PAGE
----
This is B1 Reading Part 4 Set 4 of the Cambridge English B1 Preliminary Reading & Writing Section. It gives advice about snakebites.
There are five multiple-choice questions with four options. In answering these questions, candidates will demonstrate whether they have understood the writer’s purpose, the writer’s attitude or opinion, or an opinion quoted by the writer, and both the detailed and global meaning of the text.
B1 Reading Part 4 Set 4
Read the text and questions below. For each question, choose the correct answer at the end of the text.
You're hiking with a friend and then as you step over a tree log a snake beneath bites your leg. One thought races through your mind, 'If you get bitten by a snake, suck out the venom.’' Terrified, you turn to your friend, but he replies, 'No way! Then we'll both die.' Is he right?
Most likely, your friend wouldn't die. But if he has an open wound in his mouth, the venom could enter his bloodstream, which is no help to either of you. So, venom sucking isn't a solution.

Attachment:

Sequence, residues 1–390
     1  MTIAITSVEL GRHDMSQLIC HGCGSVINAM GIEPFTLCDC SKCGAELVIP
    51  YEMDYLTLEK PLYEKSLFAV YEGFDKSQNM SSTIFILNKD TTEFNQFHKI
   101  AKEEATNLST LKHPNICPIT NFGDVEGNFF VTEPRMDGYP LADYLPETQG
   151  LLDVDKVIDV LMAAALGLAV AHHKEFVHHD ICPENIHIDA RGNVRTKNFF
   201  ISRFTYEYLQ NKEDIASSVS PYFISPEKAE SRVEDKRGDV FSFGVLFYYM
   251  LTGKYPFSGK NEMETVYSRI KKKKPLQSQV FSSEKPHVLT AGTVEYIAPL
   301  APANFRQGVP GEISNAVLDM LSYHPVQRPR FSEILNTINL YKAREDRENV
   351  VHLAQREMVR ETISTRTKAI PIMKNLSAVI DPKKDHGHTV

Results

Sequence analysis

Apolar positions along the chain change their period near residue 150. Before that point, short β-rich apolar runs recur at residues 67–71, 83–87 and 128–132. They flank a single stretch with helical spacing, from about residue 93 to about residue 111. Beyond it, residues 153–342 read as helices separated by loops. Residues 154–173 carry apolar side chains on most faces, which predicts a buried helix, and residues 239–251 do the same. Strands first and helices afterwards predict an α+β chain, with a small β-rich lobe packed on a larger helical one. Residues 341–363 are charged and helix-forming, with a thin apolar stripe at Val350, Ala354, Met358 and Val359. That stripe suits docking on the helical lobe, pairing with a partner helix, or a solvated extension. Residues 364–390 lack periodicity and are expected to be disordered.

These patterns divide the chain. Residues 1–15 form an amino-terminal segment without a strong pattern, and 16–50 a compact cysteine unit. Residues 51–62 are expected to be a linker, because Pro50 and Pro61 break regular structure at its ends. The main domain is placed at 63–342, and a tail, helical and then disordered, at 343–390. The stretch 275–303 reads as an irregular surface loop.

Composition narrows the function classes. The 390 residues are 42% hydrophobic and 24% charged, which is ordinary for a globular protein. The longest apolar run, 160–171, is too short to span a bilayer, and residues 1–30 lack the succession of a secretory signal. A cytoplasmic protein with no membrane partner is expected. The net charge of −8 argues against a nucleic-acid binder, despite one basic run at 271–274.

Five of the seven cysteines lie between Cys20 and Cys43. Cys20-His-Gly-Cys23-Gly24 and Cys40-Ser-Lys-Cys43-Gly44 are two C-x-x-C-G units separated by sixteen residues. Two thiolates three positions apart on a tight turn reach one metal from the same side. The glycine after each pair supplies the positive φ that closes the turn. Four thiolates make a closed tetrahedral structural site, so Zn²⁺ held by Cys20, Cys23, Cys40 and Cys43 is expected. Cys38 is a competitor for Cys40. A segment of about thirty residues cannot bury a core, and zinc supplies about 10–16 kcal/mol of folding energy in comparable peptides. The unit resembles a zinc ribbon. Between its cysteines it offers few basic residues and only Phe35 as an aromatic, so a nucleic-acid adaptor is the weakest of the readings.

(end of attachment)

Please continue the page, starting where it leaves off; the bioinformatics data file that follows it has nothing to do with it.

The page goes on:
To understand how to treat snakebites, you need to know the difference between poisons and venoms. Poisons are toxic, in other words dangerous, if you swallow or smell them. Venoms, on the other hand, are only toxic if they get into soft tissues and the bloodstream.
So, if you suck the venom out of a snake bite, you won't be affected. But that doesn't mean you should do it! Experts now strongly advise against it. Why? Venom enters the bloodstream extremely quickly, and trying to suck it out is ineffective because it’s faster than your reaction. The best way to prevent the venom from quickly moving through the bloodstream is to remain calm, and avoid doing anything that would increase the heart rate.
So what else should we do? Well, be aware of what snakes are in the place you are walking. That way you will have an idea which ones are dangerous.
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